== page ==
Utterly Meaningless » 2015 » July

    Filed on July 17, 2015 at 4:09 pm under by dcobranchi

    Here’s the letter the FFRF sent to the Parkersburg, West Virginia City Council concerning illegal prayers at the City Council meetings.


    Filed on July 12, 2015 at 2:29 pm under by dcobranchi

    Why is it so difficult for many Americans to understand that although they have freedom of religion the government does not?

    I live in Elizabeth, but I want to tell everyone how much I appreciate Mayor Colombo. He is standing up for 99 percent of the people in the United States who are tired of one percent telling us how to live our lives. Who is the Freedom From Religion Foundation? They are a few people who have some money. They think they can push the rest of the country around anytime they want.

    If the people in Parkersburg, Ripley and Wood County stand up against them and fight them in court, they will not have enough money to go to court. We all need to say enough is enough. I plan to take a check to Parkersburg for the legal defense fund against unfair lawsuits, and I challenge everyone else who reads this to do the same.

    It’s time to stand up for our right to believe in a power higher than the Freedom From Religion Fund. May God bless the United States of America.

    Rev. Charles Leisure


    We want to wholeheartedly support Mayor Colombo, Councilman Rockhold, and council members for their comments and convictions in the article on July 7 about the removal of prayer from the council meetings. While we are supportive of the right to participate in public prayer, it seems to us that the current situation is the best opportunity for those who don’t hold Christian values or belief in prayer. Elliot was quoted in the article as stating that the current arrangement “requires residents ‘to either make a public show of their nonbelief or show deference to a religious sentiment that they do not believe in.” It seems to me that if someone held strong convictions that they would seize the opportunity to display that belief rather than cower, defer, or rely on an outsider to voice his nonbelief.

    If you look at great nations throughout history, you will see that most followed a cycle from bondage to spiritual faith to great courage to liberty to abundance to selfishness to complacency to apathy to moral decay to dependence and a return to bondage. It is easy to line up America’s history with this cycle. What one generation fought for, another is willingly surrendering.

    We live in a religious country. Rubbing shoulders every day with those who practice religions such as Christianity, Islam, etc. We are all guilty of worshiping our own gods of power, materialism, etc. We are indeed a very religious melting pot.

    There was another culture who displayed this religious fervor. Not wanting to overlook anyone, offend anyone, or ignore anyone unintentionally, they erected a monument to an “unknown god” to cover all bases. If the Apostle Paul were here today, we believe he, the self-proclaimed chief of all sinners, would repeat his words verbatim.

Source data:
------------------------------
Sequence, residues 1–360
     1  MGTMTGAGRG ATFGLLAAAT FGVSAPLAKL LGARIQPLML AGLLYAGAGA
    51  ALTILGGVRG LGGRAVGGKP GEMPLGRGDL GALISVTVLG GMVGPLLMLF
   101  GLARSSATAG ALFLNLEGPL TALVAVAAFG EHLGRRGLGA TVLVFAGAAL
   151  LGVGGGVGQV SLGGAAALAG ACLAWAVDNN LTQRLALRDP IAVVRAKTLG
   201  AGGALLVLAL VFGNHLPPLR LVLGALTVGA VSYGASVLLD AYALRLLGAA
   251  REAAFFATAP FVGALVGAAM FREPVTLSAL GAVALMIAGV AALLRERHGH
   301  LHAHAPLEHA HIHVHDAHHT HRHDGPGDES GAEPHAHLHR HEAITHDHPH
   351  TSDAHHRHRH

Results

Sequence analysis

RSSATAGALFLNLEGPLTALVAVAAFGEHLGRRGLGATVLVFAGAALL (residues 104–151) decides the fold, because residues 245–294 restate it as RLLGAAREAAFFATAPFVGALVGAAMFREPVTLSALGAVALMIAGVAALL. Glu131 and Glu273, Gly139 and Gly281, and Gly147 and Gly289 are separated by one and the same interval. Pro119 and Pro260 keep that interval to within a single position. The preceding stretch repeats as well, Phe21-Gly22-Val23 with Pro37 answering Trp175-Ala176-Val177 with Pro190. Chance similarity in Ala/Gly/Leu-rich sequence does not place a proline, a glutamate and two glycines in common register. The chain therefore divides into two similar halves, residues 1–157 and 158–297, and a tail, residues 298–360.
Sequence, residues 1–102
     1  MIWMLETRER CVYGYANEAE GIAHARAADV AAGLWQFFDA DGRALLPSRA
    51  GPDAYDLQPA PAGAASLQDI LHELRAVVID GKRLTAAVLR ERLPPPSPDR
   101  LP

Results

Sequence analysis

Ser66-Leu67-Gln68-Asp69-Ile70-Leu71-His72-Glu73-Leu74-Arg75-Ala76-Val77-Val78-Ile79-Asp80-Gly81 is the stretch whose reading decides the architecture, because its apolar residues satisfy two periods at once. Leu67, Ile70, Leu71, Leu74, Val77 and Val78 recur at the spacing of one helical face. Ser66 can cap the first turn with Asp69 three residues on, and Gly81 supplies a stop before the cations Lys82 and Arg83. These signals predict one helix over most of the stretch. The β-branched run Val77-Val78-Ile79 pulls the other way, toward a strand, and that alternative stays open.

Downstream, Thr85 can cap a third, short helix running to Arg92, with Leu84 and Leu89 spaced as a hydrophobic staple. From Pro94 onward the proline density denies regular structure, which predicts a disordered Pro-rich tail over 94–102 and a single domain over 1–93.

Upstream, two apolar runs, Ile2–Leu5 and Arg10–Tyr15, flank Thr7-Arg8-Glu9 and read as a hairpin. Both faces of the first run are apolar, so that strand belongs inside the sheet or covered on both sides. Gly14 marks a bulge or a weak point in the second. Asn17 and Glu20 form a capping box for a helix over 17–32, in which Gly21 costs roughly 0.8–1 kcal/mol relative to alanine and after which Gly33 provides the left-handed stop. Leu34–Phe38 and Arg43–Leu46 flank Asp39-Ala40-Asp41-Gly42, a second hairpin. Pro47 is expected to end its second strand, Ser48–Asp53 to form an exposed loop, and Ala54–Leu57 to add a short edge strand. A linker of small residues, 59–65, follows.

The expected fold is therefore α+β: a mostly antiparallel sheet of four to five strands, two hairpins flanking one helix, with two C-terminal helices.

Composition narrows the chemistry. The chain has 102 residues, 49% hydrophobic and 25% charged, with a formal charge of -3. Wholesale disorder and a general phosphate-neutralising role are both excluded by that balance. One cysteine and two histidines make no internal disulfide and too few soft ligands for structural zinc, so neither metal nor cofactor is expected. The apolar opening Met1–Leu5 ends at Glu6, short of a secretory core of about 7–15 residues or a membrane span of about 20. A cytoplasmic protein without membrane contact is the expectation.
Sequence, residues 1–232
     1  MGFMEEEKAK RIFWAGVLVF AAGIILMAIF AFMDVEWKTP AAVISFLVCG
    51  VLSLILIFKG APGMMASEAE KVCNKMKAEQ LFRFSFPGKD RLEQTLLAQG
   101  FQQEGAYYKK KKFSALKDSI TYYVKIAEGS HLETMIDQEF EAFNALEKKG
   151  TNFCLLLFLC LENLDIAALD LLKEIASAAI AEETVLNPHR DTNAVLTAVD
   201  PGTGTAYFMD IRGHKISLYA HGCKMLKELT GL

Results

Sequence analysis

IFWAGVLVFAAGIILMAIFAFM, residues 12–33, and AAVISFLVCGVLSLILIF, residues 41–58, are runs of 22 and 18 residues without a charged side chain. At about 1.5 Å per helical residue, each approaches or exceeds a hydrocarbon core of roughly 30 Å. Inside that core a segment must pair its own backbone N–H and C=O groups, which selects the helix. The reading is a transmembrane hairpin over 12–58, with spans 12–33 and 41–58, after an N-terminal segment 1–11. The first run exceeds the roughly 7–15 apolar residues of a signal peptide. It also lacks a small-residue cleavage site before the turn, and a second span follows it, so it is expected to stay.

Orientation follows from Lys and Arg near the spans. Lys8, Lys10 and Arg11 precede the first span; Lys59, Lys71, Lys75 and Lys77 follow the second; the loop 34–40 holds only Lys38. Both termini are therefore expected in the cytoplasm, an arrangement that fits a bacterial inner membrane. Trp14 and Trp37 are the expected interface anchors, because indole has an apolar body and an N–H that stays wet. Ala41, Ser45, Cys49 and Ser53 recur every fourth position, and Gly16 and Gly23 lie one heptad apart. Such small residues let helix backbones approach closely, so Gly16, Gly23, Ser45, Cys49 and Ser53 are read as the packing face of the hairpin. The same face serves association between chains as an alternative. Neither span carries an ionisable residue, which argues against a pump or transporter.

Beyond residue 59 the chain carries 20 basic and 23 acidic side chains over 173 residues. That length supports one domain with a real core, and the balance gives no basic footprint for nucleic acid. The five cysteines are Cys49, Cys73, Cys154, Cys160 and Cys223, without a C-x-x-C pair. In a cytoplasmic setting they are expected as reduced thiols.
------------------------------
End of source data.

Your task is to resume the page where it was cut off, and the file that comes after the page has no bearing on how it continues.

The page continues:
Most of history’s great nations fell from powers from within, not from outside attacks. It rests on the shoulders of those who believe to stand firm and turn the hearts of the children back to their Father. This starts with individuals, then spreads to our families, to churches, through neighborhoods, across cities, permeating states, and directing this country to a place of power and faith.

    Thank you Mayor and council members. We pray you continue to hold fast to your beliefs and that you are joined by a multitude of like-minded people as we strive to protect and champion our freedoms and faith.

    The Leadership of the First Baptist Church of Williamstown

    One would think that pastors and such folk would understand that if they can impose their religion on others, it’s not out of the question that someday they may be the ones imposed upon. The Danbury Baptists understood this more than 200 years ago.


    Filed on at 10:40 am under by dcobranchi

    I went out on a mission to find a rather specialized machine screen this weekend. Neither Home Depot nor Lowes had it. Really no surprise, there. But the shopping experience was decidedly different. The first stop was Home Depot. The greeter asked me if I needed any help finding my item and directed me to Aisle 12. An employee there spotted me trying to find the screw and spent a good 5 minutes looking through the various bins and bags trying to find the exact size.

    At Lowes I wandered directly over to the hardware aisle and stood staring at all of their offerings. There were two employees standing about 5 feet away from me discussing how often they got falling down drunk. Seriously, that was the topic of the day. Not once did either even ask me if I needed any help.

    I shop at Home Depot about 100x as often as I do at Lowes.


    Filed on July 7, 2015 at 6:49 am under by dcobranchi

    The FFRF knows what they’re doing. Saying the Lord’s Prayer before a City Council meeting is blatantly illegal. I seriously doubt the SCOTUS meant that reciting exclusively Christian prayers was okay as long as the gavel hadn’t quite fallen. Under the CC’s interpretation, it seems like they think they could offer communion as long as the gavel was still 1 mm above the block of wood.